AbstractThis case study explores the perceptions of students and staff at a Further Education (FE) college, who chose to participate and implement a new peer tutoring programme. It
considers the ways in which government policy impacts upon the FE sector and the difficulties this can cause, when dealing with large numbers of GCSE English and maths resit
students. The experiences of the GCSE resit students taking part and the A Level students, who carried out a tutoring role, are explored alongside those of the key curriculum staff involved. Peer tutoring in Higher Education (HE) is a practice whereby Y2 or Y3 students provide additional support to new undergraduates; however, peer tutoring in FE is not commonly used and there is limited research within this field. I was motivated to see if some of the documented advantages of peer tutoring, such as increased confidence and academic success, would transfer to an FE context and to find out how students and staff would perceive both the benefits and challenges of being involved. This research is located within UK government legislation on post-16 education and the changes to the GCSE English qualification. It is also located within the literature on peer tutoring in HE and schools, noting that social learning theory is generally used to theorise those studies. A qualitative approach is adopted and interviews with students and staff are conducted to examine their motivations for participating, as well as evaluating approaches to the peer tutoring programme delivery. The study conceptualises peer tutoring within a Bourdieuian framework to analyse whether being involved in the research impacts on the students’ educational goals and social relations. I use Bourdieu’s notions of capitals, habitus and fields to offer insight into student and staff perceptions, whilst also applying them to the broader concepts of structure and agency. I conclude by reviewing the study’s overall findings and contribution to new knowledge, namely that within the peer tutoring project the students formed ‘functional friendships’, a new term coined for this research and defined as: a purposeful relationship between peers, which is motivated by a mutually beneficial bond, or shared goals, and lasts until the purpose of that relationship has been fulfilled. Relationships built within these functional friendships were found to invert the usual dynamic of higher and lower capital. Bearing in mind this study is the first to use a Bourdieuian approach to peer tutoring, the findings also outline elements of a theoretical contribution to new knowledge. Recommendations for further research into peer tutoring in FE, with a focus on broadening out across wider curriculum areas, are then made, before reflecting on the importance of educational research from both personal and professional perspectives.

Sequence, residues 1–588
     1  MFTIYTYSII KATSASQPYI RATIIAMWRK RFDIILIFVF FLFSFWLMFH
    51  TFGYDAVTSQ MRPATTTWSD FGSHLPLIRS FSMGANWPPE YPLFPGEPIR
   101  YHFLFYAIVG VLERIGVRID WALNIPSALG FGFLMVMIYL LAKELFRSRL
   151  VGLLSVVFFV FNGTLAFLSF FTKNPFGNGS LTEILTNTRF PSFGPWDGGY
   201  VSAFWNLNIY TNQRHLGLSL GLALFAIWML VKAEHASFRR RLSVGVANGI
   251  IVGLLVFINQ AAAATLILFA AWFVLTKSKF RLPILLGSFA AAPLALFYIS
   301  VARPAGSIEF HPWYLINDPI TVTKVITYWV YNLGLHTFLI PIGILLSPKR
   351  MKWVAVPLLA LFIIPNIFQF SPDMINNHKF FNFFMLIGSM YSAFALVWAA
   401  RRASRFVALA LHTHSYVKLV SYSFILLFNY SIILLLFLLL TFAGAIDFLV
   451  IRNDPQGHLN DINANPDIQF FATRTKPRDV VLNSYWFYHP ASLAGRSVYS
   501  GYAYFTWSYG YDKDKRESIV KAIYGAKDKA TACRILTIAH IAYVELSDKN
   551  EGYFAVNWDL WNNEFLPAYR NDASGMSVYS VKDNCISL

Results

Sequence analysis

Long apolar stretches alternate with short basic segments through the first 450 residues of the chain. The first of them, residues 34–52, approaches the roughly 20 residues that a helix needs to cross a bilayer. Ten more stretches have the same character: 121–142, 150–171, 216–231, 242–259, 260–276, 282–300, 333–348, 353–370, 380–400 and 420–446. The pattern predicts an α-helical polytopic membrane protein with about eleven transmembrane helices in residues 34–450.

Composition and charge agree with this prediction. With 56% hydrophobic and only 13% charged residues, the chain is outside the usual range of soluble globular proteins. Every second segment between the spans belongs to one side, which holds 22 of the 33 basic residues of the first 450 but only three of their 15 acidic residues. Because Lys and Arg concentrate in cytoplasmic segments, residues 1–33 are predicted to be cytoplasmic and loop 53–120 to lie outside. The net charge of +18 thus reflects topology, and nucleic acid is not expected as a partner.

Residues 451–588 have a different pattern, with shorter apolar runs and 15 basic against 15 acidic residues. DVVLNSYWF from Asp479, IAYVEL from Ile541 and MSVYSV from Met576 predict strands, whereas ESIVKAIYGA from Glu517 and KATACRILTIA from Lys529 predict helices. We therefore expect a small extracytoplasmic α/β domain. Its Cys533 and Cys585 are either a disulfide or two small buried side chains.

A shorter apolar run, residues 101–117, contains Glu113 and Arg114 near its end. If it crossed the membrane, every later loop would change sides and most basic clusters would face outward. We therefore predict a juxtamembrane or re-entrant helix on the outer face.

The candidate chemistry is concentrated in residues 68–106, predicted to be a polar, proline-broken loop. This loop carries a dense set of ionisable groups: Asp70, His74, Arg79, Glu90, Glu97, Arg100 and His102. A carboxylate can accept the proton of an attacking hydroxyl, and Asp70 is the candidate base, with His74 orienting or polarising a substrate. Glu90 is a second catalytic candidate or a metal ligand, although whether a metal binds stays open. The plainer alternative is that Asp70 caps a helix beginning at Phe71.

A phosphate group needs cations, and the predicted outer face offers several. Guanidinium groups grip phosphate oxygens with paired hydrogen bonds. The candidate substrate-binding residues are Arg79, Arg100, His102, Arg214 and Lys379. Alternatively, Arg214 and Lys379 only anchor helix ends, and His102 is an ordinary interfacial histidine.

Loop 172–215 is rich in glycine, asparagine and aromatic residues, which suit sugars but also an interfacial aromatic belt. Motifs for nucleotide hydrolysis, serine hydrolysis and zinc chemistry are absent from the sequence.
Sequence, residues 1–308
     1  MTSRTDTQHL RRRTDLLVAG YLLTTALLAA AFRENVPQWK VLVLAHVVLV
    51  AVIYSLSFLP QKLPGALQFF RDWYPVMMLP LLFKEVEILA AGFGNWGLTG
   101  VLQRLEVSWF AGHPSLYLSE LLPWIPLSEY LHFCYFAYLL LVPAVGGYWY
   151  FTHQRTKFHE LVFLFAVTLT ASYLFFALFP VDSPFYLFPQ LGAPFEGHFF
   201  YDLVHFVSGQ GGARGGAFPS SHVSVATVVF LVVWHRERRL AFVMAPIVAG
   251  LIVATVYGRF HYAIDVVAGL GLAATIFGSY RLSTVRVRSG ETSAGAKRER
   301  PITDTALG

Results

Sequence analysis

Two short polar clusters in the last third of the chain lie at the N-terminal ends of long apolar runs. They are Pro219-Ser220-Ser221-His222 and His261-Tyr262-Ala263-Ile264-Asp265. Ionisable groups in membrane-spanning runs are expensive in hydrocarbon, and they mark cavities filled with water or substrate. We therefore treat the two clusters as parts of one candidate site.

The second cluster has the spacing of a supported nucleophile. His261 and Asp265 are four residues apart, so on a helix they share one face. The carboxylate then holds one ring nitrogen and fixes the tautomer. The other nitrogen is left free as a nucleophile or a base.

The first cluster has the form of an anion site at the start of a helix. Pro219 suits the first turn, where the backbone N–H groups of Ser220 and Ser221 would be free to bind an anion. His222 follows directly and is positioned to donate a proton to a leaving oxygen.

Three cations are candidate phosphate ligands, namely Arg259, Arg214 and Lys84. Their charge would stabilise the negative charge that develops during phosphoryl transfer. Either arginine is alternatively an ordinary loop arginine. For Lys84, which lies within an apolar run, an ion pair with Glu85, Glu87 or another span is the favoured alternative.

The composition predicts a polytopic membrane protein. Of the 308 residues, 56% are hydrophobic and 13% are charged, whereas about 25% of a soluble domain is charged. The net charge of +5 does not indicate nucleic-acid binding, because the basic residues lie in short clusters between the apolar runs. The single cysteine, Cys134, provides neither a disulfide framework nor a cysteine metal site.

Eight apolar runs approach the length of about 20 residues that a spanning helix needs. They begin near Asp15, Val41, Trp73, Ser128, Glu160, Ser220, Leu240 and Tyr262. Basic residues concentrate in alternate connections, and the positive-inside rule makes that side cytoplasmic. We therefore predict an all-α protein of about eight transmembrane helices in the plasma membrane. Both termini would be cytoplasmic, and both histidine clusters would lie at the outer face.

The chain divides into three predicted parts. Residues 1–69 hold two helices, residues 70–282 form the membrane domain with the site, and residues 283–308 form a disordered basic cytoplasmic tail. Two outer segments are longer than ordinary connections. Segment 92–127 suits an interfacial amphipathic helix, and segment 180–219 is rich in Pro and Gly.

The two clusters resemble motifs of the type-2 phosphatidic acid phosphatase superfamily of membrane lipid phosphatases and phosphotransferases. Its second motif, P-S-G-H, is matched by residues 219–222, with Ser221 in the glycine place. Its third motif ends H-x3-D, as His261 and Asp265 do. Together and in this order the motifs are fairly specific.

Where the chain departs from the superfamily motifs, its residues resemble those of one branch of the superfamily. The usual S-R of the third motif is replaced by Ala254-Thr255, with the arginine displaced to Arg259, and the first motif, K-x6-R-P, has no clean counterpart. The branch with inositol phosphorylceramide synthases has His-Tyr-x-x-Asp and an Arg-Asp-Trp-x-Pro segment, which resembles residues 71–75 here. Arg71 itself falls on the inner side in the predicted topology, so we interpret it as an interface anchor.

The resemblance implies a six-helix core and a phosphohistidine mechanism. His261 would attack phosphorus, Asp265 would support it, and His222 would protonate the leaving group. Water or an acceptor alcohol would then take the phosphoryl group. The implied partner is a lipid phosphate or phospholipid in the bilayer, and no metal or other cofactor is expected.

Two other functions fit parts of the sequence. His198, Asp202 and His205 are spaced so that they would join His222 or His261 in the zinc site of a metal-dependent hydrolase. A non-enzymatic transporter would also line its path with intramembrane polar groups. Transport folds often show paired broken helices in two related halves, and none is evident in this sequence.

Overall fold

|Date of Award||2023|
|Supervisor||Lisa Russell (Co-Supervisor) & Andrew Youde (Co-Supervisor)|